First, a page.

Saturday, September 22, 2012


Wherever there are people there are combs. Combs made of bone and shell and ivory survive from 5000 years ago. The first combs were made as decorative ornaments. They not only kept hair in place, but there is evidence that they were used to clean hair of parasites. Speaking of which, some say the bubonic plague was spread by fleas passed along in nit-picking combs.

The plastic comb arrived in the mid-nineteenth century when an early plastic, Parkesine or Celluloid, replaced tortoise shell and elephant ivory. In fact, one of the first uses of plastic was in the manufacturing of combs. Later the "unbreakable" comb arrived in the 1940's made of nylon. 

Because of their rarity we particularly cherish doll's combs and brushes. In the welter of combs we've found over the years we have just two Barbie combs in our collection. Imagine finding that tiny toy groomer in the vast expanse of sand and surf;  that tiny thing in the welter of debris washing in. We found a sparkly little comb from a Ty Girlz doll. Cutesy tween-age girls, the main feature is the style-able hair. Hey, com'n get 'em: there's Pretty Patty, Totally Trish, Punky Penny. And just off the assembly line in 2008, you could buy a set of the two Obama Girlz. It was a big controversy when the dolls were named Sasha and Malia, the actual names of the Obama daughters. The Girlz were recalled and are now called Marvelous Maria and Sweet Sydney. An unre-called pair sold on e-Bay for $3000. The dolls are brought to you by the folks who generated the Beanie Baby frenzy.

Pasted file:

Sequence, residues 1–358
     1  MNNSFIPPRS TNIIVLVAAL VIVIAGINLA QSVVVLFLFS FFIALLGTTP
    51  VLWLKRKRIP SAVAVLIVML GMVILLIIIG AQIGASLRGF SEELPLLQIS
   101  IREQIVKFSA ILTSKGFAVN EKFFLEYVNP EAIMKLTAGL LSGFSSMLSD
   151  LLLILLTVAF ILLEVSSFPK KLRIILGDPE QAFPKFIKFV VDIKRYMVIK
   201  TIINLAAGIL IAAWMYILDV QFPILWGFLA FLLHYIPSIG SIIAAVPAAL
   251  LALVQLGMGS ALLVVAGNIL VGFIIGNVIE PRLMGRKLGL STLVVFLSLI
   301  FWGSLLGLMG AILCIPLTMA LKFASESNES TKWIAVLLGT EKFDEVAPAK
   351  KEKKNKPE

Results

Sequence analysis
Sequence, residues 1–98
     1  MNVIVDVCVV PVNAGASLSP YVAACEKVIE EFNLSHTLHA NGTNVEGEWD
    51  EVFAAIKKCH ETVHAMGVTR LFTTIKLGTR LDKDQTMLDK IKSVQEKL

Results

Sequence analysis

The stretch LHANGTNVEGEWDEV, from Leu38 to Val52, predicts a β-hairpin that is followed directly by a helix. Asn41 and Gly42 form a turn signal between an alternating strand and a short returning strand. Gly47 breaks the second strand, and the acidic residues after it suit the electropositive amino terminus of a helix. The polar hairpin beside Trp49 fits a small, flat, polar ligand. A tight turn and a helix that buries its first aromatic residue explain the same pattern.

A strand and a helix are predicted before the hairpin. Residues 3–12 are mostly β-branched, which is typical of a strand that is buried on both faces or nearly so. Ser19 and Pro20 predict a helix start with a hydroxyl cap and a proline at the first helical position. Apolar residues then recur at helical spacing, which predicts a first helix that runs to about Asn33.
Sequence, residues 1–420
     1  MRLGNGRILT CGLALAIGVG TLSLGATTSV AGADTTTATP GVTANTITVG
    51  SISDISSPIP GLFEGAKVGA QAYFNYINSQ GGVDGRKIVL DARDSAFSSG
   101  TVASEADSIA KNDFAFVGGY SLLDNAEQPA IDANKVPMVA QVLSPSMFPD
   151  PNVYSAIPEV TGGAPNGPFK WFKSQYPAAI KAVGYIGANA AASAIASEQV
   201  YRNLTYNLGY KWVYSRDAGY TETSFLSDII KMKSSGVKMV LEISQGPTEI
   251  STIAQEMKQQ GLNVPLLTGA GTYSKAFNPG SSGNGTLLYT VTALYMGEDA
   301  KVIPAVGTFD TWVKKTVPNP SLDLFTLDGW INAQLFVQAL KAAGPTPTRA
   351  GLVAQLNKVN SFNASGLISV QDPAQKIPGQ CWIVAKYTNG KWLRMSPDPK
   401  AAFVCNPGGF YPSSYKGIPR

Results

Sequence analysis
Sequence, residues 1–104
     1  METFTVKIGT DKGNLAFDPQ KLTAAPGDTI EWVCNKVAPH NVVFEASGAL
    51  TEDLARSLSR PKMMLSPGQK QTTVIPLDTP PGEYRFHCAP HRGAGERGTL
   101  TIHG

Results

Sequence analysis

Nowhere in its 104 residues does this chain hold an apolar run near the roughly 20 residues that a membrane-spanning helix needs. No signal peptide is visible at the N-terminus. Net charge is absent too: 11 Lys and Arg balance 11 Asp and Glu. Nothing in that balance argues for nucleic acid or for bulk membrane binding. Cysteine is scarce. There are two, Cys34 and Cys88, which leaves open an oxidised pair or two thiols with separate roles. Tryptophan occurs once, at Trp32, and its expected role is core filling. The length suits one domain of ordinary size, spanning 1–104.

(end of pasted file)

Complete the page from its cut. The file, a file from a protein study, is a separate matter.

It's said that combing or brushing the hair is healthful not only for bringing luster and vitality to the hair itself but the act of stimulating the scalp has an acupunctural effect. We don't have data on this idea but it sure feels good to unsnarl the hair and run the nubs of a brush or comb along the scalp. Anyone who commutes would do well to have a scalp massager comb on hand to keep the driver alert.

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